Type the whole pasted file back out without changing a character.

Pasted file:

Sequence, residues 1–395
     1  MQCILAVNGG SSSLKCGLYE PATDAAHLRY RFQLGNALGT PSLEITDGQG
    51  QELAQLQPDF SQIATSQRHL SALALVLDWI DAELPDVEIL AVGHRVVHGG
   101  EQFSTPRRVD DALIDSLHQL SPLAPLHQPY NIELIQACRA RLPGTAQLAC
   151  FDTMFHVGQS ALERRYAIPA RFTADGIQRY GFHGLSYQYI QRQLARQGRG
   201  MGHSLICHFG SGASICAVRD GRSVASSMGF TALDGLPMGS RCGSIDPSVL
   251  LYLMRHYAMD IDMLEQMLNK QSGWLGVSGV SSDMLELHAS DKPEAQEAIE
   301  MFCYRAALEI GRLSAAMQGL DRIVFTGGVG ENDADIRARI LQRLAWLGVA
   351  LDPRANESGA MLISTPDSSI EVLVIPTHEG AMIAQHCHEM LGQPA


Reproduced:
Sequence, residues 1–395
     1  MQCILAVNGG SSSLKCGLYE PATDAAHLRY RFQLGNALGT PSLEITDGQG
    51  QELAQLQPDF SQIATSQRHL SALALVLDWI DAELPDVEIL AVGHRVVHGG
   101  EQFSTPRRVD DALIDSLHQL SPLAPLHQPY NIELIQACRA RLPGTAQLAC
   151  FDTMFHVGQS ALERRYAIPA RFTADGIQRY GFHGLSYQYI QRQLARQGRG
   201  MGHSLICHFG SGASICAVRD GRSVASSMGF TALDGLPMGS RCGSIDPSVL
   251  LYLMRHYAMD IDMLEQMLNK QSGWLGVSGV SSDMLELHAS DKPEAQEAIE
   301  MFCYRAALEI GRLSAAMQGL DRIVFTGGVG ENDADIRARI LQRLAWLGVA
   351  LDPRANESGA MLISTPDSSI EVLVIPTHEG AMIAQHCHEM LGQPA